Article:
IUP Proposed College Of Osteopathic Medicine Project Advances In FY25 Federal Funding Process

Senator John Fetterman has included Indiana University of Pennsylvania’s proposed college of osteopathic medicine project on his Congressionally Directed Spending priorities list for the FY25 Community Project Funding (CPF) process. 

His funding request is for $2 million and would be used “to upgrade facility infrastructure, equipment and other project related expense at the college of osteopathic medicine (COM) at Indiana University of Pennsylvania.”

Senator Fetterman’s support follows Congressman Guy Reschenthaler including IUP’s project among his FY25 requested community projects with a funding request for $2 million. 

“This is very promising news, and we continue to appreciate Congressman Reschenthaler and Senator Fetterman’s ongoing support for IUP’s proposed college of osteopathic medicine,” IUP President Dr. Michael Driscoll said. “IUP is very fortunate to have legislators who recognize the importance of this project for the commonwealth and beyond and are true champions for the project and for IUP.” IUP takes its responsibility to serve the commonwealth as a change agent very seriously, and we are ready to help to address the critical shortage of physicians in Pennsylvania through the establishment of the first college of osteopathic medicine at a public university in the state,” he said.  “We look forward to working with the Congressman and the Senator as the FY25 process advances to secure final passage of this funding,” President Driscoll said.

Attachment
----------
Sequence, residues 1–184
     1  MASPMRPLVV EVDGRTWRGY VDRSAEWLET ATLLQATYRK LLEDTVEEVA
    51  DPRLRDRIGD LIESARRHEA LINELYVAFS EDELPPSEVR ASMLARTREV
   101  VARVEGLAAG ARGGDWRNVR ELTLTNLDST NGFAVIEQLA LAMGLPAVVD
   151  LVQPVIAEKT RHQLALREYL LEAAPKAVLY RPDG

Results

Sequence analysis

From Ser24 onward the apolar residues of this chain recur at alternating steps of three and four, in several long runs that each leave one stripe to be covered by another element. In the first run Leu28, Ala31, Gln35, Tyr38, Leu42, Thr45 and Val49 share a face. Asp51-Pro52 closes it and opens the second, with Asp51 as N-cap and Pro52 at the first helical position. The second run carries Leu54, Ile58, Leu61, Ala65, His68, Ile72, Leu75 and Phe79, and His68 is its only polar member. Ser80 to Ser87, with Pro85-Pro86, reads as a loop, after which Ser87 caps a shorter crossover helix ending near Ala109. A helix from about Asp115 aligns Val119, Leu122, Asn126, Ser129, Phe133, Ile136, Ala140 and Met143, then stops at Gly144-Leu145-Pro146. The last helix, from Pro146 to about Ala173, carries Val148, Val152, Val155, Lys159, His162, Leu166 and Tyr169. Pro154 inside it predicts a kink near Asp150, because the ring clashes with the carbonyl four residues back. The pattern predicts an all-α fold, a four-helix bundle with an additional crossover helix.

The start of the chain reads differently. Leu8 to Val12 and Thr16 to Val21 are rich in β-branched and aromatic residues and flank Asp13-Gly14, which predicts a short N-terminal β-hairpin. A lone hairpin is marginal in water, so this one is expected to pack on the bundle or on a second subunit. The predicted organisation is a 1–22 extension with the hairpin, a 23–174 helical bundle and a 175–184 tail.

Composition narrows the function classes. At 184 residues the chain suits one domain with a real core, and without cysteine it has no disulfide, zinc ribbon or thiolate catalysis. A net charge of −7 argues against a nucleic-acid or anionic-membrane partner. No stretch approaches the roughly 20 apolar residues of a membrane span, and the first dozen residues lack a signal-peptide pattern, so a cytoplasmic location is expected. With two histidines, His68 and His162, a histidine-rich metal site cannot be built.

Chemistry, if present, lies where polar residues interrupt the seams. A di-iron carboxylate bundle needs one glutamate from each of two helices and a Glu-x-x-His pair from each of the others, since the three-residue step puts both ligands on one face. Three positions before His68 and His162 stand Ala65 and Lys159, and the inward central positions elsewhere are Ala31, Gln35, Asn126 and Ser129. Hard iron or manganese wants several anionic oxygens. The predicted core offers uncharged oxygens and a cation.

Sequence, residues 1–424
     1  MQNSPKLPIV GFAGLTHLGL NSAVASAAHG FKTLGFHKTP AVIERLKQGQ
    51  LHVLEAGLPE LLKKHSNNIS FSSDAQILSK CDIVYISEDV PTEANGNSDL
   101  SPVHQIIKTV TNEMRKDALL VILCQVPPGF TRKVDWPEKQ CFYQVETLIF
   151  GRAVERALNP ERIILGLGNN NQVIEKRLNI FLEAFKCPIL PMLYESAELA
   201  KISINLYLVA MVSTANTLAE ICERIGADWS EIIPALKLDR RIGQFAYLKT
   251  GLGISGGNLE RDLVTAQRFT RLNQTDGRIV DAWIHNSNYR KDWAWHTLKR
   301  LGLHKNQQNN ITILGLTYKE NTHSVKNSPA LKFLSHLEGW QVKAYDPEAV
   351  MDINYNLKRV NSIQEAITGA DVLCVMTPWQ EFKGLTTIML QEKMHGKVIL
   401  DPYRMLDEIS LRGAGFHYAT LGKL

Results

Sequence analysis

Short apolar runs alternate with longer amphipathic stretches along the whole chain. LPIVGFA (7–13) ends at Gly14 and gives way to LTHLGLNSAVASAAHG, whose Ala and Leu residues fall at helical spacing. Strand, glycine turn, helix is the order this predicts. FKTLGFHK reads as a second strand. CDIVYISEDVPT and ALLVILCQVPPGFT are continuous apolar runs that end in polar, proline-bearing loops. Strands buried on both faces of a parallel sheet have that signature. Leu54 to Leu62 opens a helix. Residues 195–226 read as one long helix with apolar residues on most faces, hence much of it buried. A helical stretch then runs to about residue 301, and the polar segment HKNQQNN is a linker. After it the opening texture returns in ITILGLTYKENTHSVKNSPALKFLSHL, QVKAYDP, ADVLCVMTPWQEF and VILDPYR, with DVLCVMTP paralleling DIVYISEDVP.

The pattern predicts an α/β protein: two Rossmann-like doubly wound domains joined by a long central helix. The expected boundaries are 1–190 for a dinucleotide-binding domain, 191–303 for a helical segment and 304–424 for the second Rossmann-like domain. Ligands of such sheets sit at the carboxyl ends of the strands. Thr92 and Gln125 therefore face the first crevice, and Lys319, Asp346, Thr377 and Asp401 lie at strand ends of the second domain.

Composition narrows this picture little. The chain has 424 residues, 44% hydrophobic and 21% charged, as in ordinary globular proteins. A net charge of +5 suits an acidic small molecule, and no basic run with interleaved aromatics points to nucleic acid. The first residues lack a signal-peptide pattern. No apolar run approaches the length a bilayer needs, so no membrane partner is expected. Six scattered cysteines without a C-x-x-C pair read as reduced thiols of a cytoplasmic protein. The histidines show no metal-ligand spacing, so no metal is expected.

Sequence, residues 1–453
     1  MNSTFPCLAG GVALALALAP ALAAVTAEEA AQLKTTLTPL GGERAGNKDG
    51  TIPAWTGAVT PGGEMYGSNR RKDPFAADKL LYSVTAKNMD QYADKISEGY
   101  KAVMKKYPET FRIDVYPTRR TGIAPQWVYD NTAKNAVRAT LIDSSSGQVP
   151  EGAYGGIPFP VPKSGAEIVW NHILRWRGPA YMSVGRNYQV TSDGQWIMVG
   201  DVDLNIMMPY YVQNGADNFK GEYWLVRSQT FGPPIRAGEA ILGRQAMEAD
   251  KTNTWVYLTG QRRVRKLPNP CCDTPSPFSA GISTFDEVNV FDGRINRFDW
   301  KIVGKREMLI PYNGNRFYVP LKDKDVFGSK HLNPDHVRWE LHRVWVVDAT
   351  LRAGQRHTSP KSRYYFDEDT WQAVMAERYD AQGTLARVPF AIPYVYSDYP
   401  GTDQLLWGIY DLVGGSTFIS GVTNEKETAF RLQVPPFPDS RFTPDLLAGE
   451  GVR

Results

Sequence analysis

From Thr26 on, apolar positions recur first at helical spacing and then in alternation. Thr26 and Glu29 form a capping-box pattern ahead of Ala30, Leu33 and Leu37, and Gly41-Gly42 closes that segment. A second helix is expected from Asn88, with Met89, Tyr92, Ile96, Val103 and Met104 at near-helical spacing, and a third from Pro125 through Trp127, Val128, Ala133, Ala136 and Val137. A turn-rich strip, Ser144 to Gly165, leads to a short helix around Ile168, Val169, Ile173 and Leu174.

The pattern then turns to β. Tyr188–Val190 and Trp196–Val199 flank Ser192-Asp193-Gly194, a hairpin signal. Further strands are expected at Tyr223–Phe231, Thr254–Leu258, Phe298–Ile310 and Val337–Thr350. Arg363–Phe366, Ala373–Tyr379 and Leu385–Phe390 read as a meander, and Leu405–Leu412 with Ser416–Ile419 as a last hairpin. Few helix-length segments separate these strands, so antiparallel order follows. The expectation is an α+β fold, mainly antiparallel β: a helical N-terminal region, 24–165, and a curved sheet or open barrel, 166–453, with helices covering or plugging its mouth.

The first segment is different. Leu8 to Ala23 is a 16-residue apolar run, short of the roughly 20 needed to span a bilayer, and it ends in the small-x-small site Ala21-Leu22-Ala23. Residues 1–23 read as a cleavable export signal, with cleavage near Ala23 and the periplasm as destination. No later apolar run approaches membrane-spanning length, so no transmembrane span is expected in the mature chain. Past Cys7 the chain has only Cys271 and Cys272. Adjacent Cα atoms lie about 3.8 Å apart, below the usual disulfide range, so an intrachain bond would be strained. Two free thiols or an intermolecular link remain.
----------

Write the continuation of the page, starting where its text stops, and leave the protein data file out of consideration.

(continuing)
The proposed college of osteopathic medicine received a $150,000 allocation in the federal Consolidated Appropriations Act for Fiscal Year 2024, which was sponsored by Senator John Fetterman and Congressman Reschenthaler and signed into law by President Joe Biden on March 9.

IUP’s Council of Trustees endorsed the exploration of a possible development of a college of osteopathic medicine at IUP in December 2022. The university chose to explore a proposed college of osteopathic medicine based on several factors, including the critical need for rural health care: there are not enough trained physicians to provide care to Pennsylvania’s citizens: the ratio of patients to available primary care physicians is 1,367 to 1, according to the United Health Foundation.